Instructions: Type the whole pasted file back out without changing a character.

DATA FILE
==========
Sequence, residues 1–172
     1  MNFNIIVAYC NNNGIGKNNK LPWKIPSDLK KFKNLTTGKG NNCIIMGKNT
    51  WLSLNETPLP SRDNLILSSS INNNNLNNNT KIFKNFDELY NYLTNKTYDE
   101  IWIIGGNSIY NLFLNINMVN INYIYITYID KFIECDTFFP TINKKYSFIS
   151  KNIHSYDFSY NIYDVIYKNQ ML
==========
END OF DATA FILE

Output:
Sequence, residues 1–172
     1  MNFNIIVAYC NNNGIGKNNK LPWKIPSDLK KFKNLTTGKG NNCIIMGKNT
    51  WLSLNETPLP SRDNLILSSS INNNNLNNNT KIFKNFDELY NYLTNKTYDE
   101  IWIIGGNSIY NLFLNINMVN INYIYITYID KFIECDTFFP TINKKYSFIS
   151  KNIHSYDFSY NIYDVIYKNQ ML